Dir: Philippe Aractingi. France-Lebanon-UK. 2007. 98mins.
Philippe Aractingi’s Under The Bombs was made in Lebanon in the immediate aftermath of the war last year. Aractingi was living in Beirut during the Israeli attacks on the city and filmed some footage at the height of the conflict. He then secured financing that enabled him to carry on production immediately after the ceasefire. This may have been a project conceived in chaotic circumstances and shot on the hoof, but it is deftly scripted, boasts two fine central performances and is far more than a piece of reportage dressed up in dramatic clothing.
“The ending is moving and unexpected”
Received with enthusiasm at its premiere in Venice, Under The Bombs has already sold to certain key territories. (For example, Fandango has taken Italian rights while Artificial Eye will be releasing the film theatrically in the UK.) Its continuing festival exposure at the Dubai film festival this month and in Sundance in January ought to help Paris-based sales agents Memento to secure further deals.
As the Italian neo-realists showed in films like Rome, Open City and Berlin, Year Zero, there is something intensely photogenic about bombed-out cities. The imagery here of bridges broken in half, houses reduced to rubble and crater-filled roads that have become impossible to pass could never have been contrived by a production designer. Nor could a film-maker trying to reconstruct the war in another time and place have come close to the authenticity that Aractingi achieves here by training his camera on real-life UN soldiers or shooting sequences with Lebanese citizens still clearly traumatised by what they have just experienced. What is most impressive about Aractingi’s approach is not its shock tactics or its voyeuristic fascination with war, but its subtle and often lyrical observation.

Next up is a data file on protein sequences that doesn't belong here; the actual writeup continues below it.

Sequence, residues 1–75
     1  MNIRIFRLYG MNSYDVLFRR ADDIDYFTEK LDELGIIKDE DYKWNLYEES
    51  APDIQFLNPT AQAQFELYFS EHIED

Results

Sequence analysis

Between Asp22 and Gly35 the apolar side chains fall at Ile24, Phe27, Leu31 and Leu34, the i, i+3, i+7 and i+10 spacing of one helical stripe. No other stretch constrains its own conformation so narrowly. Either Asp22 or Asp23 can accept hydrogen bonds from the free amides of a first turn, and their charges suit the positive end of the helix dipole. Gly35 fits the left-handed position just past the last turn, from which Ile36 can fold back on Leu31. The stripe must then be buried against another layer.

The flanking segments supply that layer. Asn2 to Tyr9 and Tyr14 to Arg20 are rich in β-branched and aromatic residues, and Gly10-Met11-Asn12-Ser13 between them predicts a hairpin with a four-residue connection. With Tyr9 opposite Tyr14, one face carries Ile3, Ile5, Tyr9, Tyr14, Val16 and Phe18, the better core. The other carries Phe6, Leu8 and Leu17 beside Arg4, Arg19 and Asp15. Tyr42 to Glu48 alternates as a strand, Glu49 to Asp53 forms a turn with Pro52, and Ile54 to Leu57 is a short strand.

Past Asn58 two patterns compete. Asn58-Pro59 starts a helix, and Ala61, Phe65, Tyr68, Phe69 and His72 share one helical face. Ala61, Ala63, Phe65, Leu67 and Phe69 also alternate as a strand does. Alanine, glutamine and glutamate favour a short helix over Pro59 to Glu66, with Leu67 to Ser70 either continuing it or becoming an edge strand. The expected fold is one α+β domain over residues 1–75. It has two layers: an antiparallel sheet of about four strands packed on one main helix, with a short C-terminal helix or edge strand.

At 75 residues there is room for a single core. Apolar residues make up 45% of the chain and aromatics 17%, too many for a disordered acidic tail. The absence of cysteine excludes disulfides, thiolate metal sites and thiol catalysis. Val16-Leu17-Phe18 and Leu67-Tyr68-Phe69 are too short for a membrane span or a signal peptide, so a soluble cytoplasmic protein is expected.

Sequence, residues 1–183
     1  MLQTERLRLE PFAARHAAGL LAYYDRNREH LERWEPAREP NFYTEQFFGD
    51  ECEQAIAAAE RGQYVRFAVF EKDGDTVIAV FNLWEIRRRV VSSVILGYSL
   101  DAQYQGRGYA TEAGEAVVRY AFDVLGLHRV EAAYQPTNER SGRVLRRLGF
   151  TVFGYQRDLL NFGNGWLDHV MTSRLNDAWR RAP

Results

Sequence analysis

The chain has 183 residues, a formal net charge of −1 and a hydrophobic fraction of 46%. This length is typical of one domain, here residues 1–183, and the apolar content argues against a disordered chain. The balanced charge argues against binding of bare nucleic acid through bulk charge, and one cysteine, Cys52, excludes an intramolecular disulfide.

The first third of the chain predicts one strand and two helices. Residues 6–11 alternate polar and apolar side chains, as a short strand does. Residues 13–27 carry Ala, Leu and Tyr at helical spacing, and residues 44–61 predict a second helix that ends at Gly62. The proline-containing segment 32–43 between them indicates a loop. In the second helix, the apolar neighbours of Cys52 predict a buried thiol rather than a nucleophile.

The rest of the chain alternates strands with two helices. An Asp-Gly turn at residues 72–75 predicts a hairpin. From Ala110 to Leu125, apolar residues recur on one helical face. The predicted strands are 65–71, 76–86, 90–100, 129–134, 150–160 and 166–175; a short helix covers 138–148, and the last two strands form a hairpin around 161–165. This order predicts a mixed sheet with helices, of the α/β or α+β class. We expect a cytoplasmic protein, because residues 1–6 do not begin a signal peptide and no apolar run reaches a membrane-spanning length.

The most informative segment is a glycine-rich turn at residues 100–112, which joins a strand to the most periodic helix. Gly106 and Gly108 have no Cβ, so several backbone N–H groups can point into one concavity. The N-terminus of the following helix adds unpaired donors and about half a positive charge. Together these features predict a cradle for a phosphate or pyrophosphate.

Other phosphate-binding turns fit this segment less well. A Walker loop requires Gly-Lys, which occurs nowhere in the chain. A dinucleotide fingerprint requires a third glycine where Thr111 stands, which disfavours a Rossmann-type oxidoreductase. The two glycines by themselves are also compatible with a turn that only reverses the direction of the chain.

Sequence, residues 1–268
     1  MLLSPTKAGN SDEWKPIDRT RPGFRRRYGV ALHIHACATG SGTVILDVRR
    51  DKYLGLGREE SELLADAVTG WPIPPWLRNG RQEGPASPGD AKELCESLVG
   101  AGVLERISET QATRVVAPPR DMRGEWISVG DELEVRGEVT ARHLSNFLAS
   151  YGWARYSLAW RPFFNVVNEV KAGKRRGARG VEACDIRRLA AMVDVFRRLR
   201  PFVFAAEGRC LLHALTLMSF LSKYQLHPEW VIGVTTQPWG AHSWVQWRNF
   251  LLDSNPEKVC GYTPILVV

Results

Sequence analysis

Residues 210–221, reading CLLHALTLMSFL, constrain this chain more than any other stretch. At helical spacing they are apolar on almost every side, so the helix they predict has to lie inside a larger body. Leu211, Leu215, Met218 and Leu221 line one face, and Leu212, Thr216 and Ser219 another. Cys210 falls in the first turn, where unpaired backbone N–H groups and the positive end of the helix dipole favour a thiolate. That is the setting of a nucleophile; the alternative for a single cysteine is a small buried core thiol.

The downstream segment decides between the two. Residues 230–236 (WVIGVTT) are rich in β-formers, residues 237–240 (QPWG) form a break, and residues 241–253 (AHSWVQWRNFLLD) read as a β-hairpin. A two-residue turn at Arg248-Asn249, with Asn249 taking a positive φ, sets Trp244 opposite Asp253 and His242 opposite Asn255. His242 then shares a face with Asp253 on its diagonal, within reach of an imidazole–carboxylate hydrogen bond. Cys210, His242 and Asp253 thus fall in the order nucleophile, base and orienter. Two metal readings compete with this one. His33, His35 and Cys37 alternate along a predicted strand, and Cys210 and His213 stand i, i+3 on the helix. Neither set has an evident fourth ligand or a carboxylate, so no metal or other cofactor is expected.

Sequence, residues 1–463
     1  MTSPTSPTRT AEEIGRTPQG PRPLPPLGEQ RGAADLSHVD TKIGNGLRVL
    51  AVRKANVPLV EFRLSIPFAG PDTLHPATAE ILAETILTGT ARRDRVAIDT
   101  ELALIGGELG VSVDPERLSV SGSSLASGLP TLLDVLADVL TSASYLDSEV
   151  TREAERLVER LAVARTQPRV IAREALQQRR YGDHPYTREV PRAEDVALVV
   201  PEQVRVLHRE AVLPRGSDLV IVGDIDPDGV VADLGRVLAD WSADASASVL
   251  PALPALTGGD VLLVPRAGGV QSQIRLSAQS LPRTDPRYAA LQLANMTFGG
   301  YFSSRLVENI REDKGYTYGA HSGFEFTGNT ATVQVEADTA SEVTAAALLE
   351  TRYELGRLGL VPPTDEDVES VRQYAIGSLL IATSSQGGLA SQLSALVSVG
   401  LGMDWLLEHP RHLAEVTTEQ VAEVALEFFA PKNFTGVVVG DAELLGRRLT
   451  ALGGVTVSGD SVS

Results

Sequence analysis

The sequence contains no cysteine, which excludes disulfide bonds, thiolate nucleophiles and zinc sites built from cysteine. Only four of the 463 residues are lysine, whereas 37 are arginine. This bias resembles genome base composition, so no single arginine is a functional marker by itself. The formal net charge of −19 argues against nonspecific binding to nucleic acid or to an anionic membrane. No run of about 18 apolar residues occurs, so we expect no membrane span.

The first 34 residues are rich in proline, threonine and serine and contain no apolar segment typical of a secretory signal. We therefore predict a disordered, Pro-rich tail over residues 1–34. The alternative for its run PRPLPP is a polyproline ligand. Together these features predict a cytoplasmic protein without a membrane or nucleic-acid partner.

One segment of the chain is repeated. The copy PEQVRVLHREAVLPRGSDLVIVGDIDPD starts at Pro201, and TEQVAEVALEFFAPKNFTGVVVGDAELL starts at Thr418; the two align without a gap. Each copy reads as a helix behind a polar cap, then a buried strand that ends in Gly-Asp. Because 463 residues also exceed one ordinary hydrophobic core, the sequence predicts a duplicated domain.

The film begins in shuddering fashion with footage of bombs landing on Beirut and of women and children racing for cover. The central character is Zeina (Nada Abou Farhat), a young mother who has been living in Dubai. She returns to Beirut in search of her young son, who has been living with her sister. She hopes and prays that she will find him safe in the south of the country. Toni is the taxi driver who reluctantly (and for a generous price) agrees to take her on a quest to find her son. Zeina is Shiite. Toni is Christian. Driver and passenger have little in common and, at first, seem to dislike each other. However, as their journey continues, a strong rapport builds up between them.
At first, they search for the son in the schools and refugee centres. Then, they head south. On one level, the film follows a conventional narrative arc. This is a road movie about two characters who are brought together by their shared grief. Nada Abou Farhat captures brilliantly both the mother’s sense of desperation and her dignity.
Just occasionally, the dialogue risks becoming stilted. However, Aractingi avoids some of the more obvious cliches. For example, he doesn’t show dead bodies. Nor does he uses the film as a soapbox for sermonising. His intention is to focus intently on his two main protagonists and to show just how they are affected by the devastation around them. The film often wrong foots us.
There are incongruous moments of humour (the taxi driver singing Sur Le Pont D’Avignon when he comes across a bridge that has been shattered.) The scenes inside the taxi - in which the camera is trained on the two protagonists’ faces - are juxtaposed with sequences showing beautiful, unspoiled landscapes. The ending is moving and unexpected.
Under The Bombs is not overtly political. We hear little railing against the Israelis or the West. Nor does the film proselytise on behalf of Hezbollah. Instead, it offers a closely focused account of a single bereaved woman. Her experiences show in microcosm what an entire society is undergoing as a result of a war which few would disagree now should never have been allowed to happen.
Art’Mell Producteur Associes (Fr)
Capa Cinema (Fr)
Starfield Productions (UK)
Fantascope Production (Leb)
in association with Rhamsa Productions, ARTE (Fr)
Memento Films International
(33) 1 53 34 90 20
Nidel Abdel Khalek
Nada Abou Farhat
Rawya El Chab